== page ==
Figure 6
Mll-AF9 expression is higher in HSC than GMP populations. Retrovirally transduced MLL-AF9 results in very high expression levels of the oncogene

To summarize, the higher expression levels of Mll-AF9 in HSCs compared to GMPs in the physiologic model suggests the importance of Mll-AF9 gene dosage in producing downstream effects, in the Hoxa family and other genes, although other cell context-specific differences are also likely to be important and deserve further research.


This study focused on the malignant transformation initiated by the fusion gene Mll-AF9 when expressed at physiologic levels in the knockin model or at supraphysiologic levels in the retroviral model. The data from the physiologic model showed highest levels of Mll and Mll-AF9 in the most transformable HSCs and lower levels in the more resistant committed myeloid progenitor GMPs. Complementary data showed high Mll-AF9 gene dosage in retrovirally transformed GMPs which were found to have enhanced self renewal and ability to grow in long term in vitro culture. While it is possible that the cell-type differences in transformation are unrelated to the expression levels of Mll-AF9 at physiologic dosages, we favor the hypothesis that the “superactivation” of target genes observed in HSCs/CLPs (LSKs) is likely to be oncogene dose related. In support of the role of Mll fusion gene expression in the different cell types are recent data with conditional knockout mice: Wild type Mll showed highest expression in HSCs compared to other cell types (Jude et al., 2007). Wild type MLL and likely MLL fusion proteins bind to the promoters of many genes and serve as a global regulator of gene transcription. As a result, a large number of downstream target genes are altered in regulation (Guenther et al., 2005; Milne et al., 2005; Scacheri et al., 2006). These cell type differences in expression of Mll target genes appear to be further enhanced by Mll fusion genes resulting in activation of cellular pathways, especially those that enhance self-renewal and block cellular differentiation. However, it is possible that additional molecular differences could result in increased sensitivity of HSCs to the fusion oncogene is possible. A combination of higher Mll-AF9 gene dosage and a more receptive cellular environment may be responsible for the superior transformation of LSKs.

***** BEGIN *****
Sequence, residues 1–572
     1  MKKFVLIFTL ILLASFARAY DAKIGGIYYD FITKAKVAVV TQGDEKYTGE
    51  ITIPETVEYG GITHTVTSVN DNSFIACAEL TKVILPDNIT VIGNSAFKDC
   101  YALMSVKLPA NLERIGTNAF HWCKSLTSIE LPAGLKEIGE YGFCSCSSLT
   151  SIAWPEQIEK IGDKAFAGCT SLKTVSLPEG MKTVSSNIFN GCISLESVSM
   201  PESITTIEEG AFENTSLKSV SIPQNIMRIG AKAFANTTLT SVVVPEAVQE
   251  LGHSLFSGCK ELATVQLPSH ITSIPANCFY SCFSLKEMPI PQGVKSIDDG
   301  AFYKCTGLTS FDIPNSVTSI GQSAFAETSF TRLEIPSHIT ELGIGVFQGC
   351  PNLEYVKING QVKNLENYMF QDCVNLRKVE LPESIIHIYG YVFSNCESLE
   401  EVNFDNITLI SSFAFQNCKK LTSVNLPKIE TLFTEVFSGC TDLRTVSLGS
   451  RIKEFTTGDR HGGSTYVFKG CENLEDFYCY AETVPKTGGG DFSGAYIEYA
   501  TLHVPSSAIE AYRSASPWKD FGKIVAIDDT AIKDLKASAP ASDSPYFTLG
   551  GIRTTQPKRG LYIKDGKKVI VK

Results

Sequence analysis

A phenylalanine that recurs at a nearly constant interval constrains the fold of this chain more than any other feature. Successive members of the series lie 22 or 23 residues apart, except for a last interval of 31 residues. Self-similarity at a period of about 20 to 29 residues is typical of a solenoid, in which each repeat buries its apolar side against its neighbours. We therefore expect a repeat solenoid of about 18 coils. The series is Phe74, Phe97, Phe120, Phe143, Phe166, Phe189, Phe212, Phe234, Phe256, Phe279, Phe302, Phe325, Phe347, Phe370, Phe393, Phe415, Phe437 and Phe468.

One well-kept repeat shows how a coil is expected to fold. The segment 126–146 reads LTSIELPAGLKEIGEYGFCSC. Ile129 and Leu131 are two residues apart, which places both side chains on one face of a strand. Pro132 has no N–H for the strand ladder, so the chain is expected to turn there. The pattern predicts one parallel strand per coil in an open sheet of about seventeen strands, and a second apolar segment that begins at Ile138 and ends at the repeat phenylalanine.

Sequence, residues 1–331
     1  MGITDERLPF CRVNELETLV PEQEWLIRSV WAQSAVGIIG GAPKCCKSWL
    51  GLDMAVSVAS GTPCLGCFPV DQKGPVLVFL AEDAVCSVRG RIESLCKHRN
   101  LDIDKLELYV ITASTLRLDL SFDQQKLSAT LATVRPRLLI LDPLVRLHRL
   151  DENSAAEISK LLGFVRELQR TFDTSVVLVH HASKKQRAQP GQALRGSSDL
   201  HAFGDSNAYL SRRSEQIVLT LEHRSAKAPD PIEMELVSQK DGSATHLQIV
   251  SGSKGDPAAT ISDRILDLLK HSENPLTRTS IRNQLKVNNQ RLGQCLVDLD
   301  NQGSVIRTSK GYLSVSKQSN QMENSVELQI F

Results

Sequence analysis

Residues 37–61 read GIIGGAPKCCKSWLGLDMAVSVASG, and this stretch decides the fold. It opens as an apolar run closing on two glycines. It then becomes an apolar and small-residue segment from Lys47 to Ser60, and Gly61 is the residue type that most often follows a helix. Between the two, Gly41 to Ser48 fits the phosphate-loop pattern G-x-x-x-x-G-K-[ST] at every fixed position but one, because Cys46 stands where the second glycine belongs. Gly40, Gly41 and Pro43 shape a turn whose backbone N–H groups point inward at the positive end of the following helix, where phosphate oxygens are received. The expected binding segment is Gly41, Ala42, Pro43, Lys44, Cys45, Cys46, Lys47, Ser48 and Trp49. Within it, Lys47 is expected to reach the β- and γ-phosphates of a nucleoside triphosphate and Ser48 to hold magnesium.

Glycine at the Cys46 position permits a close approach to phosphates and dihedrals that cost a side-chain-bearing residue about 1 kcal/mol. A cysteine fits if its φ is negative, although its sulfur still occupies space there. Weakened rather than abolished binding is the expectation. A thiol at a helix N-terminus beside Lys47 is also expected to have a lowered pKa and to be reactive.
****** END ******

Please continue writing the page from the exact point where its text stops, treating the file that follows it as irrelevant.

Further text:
Previously published studies with Mll fusion genes (MLL-ENL or MLL-AF9) have utilized retroviruses with strong promoters and multiple virus insertions resulting in non-controlled and potentially non-physiologic expression levels of oncogene. Non-physiologic expression could mask important cell type-specific effects on the promoters of target cells. One advantage of the Mll fusion gene knockin model over retroviral or physical methods is that the oncogene should be expressed at physiologic levels with cell-type specificity. In the current study, the lack of leukemia in lethally irradiated recipients of Mll-AF9 GMPs contrasts with the experiments in which the fusion gene is introduced into GMPs by retroviral transduction (Krivtsov et al., 2006). These results are supported by our in vitro data which showed significantly enhanced cell growth in retrovirally transformed MLL-AF9 cells but not in physiologically expressed Mll-AF9 cells. Enhanced self renewal of retrovirally transformed GMPs was shown in the ability of these cells to grow in long term culture in vitro. In previous results from a MLL-ENL model, leukemia developed in animals that received 800–2490 retrovirally transduced GMPs (Cozzio et al., 2003). Also, a shorter latency to leukemia development is found in the retroviral models compared to our knockin model (Cozzio et al., 2003; Krivtsov et al., 2006; Somervaille et al., 2006). We cannot rule out the possibility that the more rapid development of leukemia in retroviral models may in part or totally be due to retroviral enhancement of secondary cooperating events, but our short term myeloid colony data strongly suggest that the differences are immediate and very direct. Also, it is possible that the differences could result from the use of human MLL in the retroviral construct compared to the endogenous murine Mll in our studies. However, this is unlikely, as to date no differences in critical domains have been described for human and murine MLL, and the AF9 portion of both models is identical. With these caveats, it is likely that the differences between the retroviral MLL-AF9 and knockin Mll-AF9 experiments are due to gene dosage effects. This conclusion is also supported by 1) the presence of multiple integration sites in the retrovirally transduced cells shown by Southern blotting and 2) the strong MSCV-based retroviral promoter in this study and others (Krivtsov et al., 2006;Somervaille et al., 2006).